When I started my first full-time job after college, I was really tired. I wasn’t used to waking up at 6:30am, I wasn’t used to sitting in hour-long meetings about sales reports that didn’t affect me, and I wasn’t used to sitting at a desk for 8 hours a day just staring at a computer screen.
Physically and mentally, it look a lot of getting used to.
A college friend of mine started at the same company a few months after, and we had a running joke. Every day, he’d come in and I’d count down the days until retirement. We were 22 years old, so we assumed 40 years of working 250 days a year. That comes out to 10,000 days of work. I think I got to about 9,990 before it got too depressing to think about each day. We were going to be working for 10,000 days and it wasn’t getting any easier.
10,000 days of work is a LOT of time. It’s hard to think about going into an office that many times in a row, and when you think that the every day will be the same, it does not seem worth it. Some of us have jobs that present new challenges with each day, and I think that’s a really important part of a good job, possibly more important than some other perks, including salary.
On the other hand, I wasn’t so excited about working when I first started, which actually let me to create this site in my spare time. I was bored and not given much to do for the first 6 months, but I wanted something to do that would stimulate me.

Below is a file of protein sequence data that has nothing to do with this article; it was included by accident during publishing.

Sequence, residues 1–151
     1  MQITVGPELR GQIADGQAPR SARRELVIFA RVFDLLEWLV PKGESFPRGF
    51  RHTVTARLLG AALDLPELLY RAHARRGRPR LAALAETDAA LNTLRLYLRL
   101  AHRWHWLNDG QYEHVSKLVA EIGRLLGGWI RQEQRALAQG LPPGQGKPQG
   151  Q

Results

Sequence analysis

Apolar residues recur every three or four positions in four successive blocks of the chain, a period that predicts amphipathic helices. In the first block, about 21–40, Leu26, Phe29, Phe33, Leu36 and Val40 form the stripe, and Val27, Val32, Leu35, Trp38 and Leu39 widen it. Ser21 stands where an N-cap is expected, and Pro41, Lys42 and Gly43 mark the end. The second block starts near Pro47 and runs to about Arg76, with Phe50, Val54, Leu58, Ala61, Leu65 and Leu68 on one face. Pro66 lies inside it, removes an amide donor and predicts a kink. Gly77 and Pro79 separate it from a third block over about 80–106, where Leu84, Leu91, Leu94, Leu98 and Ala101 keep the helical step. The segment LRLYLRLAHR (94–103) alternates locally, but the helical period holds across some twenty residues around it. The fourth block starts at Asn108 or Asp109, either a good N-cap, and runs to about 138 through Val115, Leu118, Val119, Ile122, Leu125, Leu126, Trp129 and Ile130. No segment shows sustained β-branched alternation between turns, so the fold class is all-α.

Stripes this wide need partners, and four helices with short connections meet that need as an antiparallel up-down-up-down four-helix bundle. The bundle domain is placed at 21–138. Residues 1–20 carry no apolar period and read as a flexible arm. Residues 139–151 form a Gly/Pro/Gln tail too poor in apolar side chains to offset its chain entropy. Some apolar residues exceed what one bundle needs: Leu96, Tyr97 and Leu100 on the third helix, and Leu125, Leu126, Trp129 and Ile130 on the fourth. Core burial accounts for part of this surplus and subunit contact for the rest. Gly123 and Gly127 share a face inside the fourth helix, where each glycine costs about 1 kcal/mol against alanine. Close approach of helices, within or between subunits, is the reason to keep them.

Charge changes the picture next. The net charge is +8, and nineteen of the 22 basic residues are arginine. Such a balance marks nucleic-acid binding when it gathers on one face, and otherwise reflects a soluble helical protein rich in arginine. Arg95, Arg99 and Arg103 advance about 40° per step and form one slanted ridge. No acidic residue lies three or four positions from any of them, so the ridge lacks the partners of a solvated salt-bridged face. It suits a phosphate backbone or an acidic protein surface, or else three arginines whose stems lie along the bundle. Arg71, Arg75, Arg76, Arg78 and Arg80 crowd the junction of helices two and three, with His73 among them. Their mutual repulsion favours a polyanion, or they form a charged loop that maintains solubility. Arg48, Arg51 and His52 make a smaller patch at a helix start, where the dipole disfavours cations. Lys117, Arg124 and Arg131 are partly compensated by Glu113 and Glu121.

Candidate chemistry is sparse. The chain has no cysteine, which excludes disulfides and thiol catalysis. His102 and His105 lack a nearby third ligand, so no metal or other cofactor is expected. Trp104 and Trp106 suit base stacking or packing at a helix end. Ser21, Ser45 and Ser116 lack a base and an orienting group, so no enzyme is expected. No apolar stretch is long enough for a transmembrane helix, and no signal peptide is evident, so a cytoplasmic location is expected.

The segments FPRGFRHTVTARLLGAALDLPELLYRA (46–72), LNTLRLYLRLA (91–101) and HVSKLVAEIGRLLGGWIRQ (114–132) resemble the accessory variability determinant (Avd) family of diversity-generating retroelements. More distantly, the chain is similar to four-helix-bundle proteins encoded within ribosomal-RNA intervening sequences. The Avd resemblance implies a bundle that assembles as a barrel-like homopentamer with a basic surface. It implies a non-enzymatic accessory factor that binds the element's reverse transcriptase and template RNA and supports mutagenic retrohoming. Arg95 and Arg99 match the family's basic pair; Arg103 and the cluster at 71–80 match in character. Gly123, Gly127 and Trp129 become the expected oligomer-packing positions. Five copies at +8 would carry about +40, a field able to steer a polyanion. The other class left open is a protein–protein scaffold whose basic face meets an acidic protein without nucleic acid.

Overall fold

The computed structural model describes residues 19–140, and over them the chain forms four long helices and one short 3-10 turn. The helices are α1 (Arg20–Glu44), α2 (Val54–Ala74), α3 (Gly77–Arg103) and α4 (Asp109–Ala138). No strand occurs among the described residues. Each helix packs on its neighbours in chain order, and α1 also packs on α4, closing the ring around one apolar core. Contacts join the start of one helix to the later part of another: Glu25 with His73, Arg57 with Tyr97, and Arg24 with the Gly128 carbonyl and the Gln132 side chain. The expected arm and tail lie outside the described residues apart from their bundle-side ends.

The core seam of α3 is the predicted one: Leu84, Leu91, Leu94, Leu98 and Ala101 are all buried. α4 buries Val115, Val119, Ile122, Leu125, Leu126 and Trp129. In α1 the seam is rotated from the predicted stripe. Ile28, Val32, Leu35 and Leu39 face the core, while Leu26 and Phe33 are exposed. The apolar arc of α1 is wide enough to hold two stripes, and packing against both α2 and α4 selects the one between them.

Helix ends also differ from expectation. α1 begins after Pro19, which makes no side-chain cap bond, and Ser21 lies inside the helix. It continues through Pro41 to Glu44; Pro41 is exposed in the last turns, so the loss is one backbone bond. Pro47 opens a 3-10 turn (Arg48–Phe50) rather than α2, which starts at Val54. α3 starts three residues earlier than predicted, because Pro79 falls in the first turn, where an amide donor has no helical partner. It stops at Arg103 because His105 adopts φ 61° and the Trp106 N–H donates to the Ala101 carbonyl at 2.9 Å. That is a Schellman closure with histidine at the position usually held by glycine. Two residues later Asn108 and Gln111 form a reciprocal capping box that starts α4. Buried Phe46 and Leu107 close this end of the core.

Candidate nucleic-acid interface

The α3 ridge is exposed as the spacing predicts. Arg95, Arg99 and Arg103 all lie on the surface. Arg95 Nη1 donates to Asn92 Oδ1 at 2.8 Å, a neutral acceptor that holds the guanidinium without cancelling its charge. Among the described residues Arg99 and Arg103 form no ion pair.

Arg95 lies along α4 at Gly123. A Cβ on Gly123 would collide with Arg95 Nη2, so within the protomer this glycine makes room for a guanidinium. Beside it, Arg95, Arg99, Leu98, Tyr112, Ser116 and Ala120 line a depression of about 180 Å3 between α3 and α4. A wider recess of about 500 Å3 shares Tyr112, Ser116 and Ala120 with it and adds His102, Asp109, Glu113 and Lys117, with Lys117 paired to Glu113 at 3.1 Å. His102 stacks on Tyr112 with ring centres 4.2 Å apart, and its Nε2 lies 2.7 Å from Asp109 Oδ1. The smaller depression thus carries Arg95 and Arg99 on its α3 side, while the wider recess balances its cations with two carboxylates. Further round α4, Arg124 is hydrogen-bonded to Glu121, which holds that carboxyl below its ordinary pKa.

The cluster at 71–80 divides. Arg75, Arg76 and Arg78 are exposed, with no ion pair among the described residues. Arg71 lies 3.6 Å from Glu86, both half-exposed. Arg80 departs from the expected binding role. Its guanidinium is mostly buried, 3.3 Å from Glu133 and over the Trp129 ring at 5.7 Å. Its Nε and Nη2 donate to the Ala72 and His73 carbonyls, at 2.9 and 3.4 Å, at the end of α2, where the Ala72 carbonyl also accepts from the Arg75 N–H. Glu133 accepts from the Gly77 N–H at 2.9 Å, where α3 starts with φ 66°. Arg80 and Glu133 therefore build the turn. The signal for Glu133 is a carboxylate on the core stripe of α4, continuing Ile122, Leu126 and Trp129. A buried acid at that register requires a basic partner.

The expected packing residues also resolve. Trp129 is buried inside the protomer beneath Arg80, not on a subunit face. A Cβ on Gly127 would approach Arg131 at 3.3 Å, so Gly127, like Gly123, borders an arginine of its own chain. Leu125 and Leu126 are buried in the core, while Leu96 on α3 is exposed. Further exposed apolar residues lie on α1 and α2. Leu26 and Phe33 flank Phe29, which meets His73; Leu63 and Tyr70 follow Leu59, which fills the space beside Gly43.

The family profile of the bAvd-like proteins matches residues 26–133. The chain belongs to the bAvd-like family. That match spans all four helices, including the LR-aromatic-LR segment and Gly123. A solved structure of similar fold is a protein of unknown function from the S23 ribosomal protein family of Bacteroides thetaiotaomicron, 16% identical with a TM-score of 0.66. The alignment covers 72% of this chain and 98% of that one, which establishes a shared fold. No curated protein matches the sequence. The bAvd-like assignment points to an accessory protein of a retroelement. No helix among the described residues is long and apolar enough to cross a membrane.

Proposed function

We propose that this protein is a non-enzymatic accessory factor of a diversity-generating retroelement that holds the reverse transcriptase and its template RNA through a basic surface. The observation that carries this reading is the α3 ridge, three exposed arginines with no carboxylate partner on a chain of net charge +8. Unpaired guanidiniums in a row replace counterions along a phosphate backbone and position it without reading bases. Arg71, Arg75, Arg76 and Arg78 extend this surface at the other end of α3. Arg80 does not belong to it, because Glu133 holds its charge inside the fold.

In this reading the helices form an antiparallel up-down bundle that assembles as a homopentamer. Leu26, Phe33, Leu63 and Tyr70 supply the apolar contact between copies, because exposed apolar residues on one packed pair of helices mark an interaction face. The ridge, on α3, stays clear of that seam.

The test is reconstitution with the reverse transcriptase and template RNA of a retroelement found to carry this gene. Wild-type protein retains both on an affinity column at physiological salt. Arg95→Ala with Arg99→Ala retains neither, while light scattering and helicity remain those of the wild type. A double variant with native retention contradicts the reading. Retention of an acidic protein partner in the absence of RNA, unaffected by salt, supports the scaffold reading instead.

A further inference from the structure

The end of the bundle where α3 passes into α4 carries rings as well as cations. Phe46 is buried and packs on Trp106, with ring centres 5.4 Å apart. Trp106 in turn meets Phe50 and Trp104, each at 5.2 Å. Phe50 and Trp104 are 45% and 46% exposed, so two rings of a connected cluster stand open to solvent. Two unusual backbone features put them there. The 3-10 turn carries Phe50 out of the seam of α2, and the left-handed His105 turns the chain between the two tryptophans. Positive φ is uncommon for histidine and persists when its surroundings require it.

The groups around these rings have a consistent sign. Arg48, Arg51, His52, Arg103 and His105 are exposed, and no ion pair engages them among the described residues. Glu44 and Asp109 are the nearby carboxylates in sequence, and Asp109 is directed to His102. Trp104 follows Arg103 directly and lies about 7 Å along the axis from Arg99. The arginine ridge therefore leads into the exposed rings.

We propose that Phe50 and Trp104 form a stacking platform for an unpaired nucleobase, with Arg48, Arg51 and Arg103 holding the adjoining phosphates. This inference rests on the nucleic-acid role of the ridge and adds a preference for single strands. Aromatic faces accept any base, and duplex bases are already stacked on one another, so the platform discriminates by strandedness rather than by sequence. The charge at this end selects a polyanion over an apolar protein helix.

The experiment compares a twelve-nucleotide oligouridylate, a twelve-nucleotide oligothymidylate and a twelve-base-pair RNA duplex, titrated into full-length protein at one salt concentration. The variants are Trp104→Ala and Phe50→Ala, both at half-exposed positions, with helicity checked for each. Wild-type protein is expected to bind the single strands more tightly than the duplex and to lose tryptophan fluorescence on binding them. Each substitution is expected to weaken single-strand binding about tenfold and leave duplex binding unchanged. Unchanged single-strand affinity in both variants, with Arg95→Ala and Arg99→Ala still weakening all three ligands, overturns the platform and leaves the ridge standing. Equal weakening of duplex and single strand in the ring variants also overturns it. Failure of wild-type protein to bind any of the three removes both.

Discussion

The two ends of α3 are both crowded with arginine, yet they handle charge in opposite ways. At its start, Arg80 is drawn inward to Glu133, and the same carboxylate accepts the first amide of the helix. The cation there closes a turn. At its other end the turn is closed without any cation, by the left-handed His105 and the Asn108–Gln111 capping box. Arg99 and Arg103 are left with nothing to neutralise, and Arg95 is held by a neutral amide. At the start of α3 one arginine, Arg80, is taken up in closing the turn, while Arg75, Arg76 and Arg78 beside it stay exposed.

I wanted something I created myself and I think I had some daydreams about this becoming something real and viable, so much so that I’d be able to be my own boss full time. I had no idea what I was talking about back then, but dreaming is always fun.
You can do a lot with 6 months. And I did, I start writing, I wrote posts during meetings that I had to attend but wasn’t actively participating in, and by the time I was given real work that took up a larger portion of my day, my site was set to run with much less active monitoring.
Physically, it took me about 3 months to get used to waking up and sitting in meetings regularly. I tried taking short walks every few hours to get my blood moving and I modified my diet to give me more energy through out the day.
Mentally, I got my mind away from thinking about how miserable working for 40 years would be by starting a passion project on the side. If you’ve ever had an idea that you couldn’t wait to get started on, you know what I’m talking about.
As it turns out, I’m much happier at my current position because of the responsibilities I have and the type of work I do. Combine that with my side projects that I’m passionate about, and the next 37 years don’t look so daunting anymore.